The vagaries of the labour force survey

One month you’re up a little and the next you are down.  Canada had a huge increase in employment over the last month according to Statistics Canada.  New Brunswick was the only province to see a decline in employment month over month.

Total Employment Change (Oct-Nov 2009)

 

(000s)

ONT

27.1

QC

21.4

AB

12.8

BC

9.9

MAN

3.1

NL

2.7

SK

1.8

NS

1.5

PEI

0.4

NB

-1.6

 

But our trusty spin doctors work overtime to spit and polish the data and we get this from GNB.  They literally don’t say that employment dropped from October to November but they do say this:

Employment growth in November was strongest in the following sectors: finance, insurance, real estate and leasing; accommodation and food services; and agriculture.

Which of course leads to the reader to believe there actually was employment growth during the month when in fact there was employment decline.  Don’t mind me – it’s just a long standing frustration with how the government feels the need to gin up the data on one hand and then posture there is a sense of urgency to make big changes on the other.

If you were to look at every press release issued by GNB for the past 10 years about the monthly labour market report you would see  the exact type of release.  If you were to go to the CANSIM database and check total employment growth over the past 10 years (annual), you would see the following data:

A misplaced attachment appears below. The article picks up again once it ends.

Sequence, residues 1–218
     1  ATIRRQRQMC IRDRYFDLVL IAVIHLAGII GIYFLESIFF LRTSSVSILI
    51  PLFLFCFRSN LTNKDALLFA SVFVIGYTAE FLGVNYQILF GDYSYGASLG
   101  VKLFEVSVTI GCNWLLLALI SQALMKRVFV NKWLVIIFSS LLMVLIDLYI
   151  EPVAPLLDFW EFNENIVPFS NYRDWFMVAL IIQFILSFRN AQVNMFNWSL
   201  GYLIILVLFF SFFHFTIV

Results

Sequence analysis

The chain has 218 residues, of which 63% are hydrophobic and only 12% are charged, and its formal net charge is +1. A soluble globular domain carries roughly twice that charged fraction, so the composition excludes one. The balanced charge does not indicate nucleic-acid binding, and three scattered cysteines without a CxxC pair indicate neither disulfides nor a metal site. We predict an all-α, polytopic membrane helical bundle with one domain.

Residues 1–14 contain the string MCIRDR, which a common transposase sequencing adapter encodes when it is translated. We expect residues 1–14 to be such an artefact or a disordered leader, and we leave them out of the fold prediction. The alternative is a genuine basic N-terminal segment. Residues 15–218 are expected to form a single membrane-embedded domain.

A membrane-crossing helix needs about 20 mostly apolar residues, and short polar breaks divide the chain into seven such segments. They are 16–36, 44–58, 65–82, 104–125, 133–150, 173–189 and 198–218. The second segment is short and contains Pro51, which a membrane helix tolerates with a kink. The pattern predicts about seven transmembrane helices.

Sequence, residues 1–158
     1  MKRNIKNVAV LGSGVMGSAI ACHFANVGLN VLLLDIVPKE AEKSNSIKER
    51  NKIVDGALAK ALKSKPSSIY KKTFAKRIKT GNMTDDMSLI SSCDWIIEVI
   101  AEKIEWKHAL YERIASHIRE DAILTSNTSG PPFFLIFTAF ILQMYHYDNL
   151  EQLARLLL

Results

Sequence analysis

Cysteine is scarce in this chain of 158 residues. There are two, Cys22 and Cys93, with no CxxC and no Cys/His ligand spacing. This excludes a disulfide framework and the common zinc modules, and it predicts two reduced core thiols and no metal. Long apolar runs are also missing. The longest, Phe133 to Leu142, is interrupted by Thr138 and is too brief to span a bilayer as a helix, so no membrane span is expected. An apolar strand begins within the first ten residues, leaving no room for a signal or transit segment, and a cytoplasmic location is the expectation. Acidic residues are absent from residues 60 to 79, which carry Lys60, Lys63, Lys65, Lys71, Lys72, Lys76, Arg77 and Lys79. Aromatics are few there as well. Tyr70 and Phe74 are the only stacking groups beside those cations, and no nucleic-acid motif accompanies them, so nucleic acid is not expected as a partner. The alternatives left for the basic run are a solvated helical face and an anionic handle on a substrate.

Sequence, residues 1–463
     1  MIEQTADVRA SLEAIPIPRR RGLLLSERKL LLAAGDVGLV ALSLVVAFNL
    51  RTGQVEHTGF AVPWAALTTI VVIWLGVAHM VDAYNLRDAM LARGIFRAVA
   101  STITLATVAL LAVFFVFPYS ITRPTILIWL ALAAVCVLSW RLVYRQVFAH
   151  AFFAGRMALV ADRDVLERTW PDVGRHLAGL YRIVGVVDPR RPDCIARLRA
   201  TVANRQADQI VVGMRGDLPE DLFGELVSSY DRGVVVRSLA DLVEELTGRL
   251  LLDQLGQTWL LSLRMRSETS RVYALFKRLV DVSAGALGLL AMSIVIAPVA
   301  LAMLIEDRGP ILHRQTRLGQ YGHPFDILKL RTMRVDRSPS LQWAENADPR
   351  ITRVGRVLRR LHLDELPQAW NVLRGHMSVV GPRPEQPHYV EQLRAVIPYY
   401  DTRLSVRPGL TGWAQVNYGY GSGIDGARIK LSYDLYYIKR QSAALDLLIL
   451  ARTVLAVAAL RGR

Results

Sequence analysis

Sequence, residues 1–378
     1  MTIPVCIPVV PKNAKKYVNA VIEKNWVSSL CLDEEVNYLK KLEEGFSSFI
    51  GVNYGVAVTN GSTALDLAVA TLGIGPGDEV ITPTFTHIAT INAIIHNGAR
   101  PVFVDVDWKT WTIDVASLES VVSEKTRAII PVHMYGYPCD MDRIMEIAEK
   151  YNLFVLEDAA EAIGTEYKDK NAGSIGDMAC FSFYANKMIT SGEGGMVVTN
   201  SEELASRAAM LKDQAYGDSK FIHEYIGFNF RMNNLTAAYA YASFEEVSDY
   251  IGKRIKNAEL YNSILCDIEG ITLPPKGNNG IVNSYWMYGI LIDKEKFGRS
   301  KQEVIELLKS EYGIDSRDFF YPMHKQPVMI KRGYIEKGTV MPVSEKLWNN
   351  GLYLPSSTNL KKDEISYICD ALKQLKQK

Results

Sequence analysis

Employment, unadjusted for seasonal variation (1999-2008)

 

1999

2008

% Change

CAN

12,055,809

14,817,695

22.9%

NL

164,238

191,013

16.3%

PEI

51,417

61,069

18.8%

NS

339,301

396,080

16.7%

NB

277,414

312,732

12.7%

QC

2,870,890

3,378,855

17.7%

ONT

4,754,729

5,704,709

20.0%

MAN

458,304

562,486

22.7%

SK

356,058

435,300

22.3%

AB

1,229,369

1,776,624

44.5%

BC

1,512,490

1,942,693

28.4%

Source: Statistics Canada Table 281-0024.

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3 Responses to The vagaries of the labour force survey

  1. Samonymous says:

    Gerrymandering numbers and cherry picking good data over bad is an art form for people who have had to dwell within the so-called halls of power in hopes that someday real solutions will fall out of the sky and land directly on their lap.

  2. Anonymous says:

    See post number 8 in “Back in the Saddle” regarding spin.

    We spend way too much taxpayer money on it. It has the effect of dumbing down our population (most who do not have time to question the data) and, some of the politicians themselves start to buy the BS and that is when it gets very dangerous.

    Reporting and comaparrisons with. such important data should be consistent. The spin doctors are in the OR now doing plastic surgery on debt data. Watch for some crazy BS on that issue.

  3. Samonymous says:

    We spin for a reason here in NB when it comes to the outlook of our overall economy. Look at the U.S. right now, they’ve only been in a serious economic downturn for just over a year now and they’re already attempting to find light out of a bad situation, unlike early in the economic downturn where their messaging was more pointed and bleak (the latter being something I think David wishes governments would do more of here with employment figures and the economic situation).

    A crisis deserve to be treated like a crisis, not glossed over.

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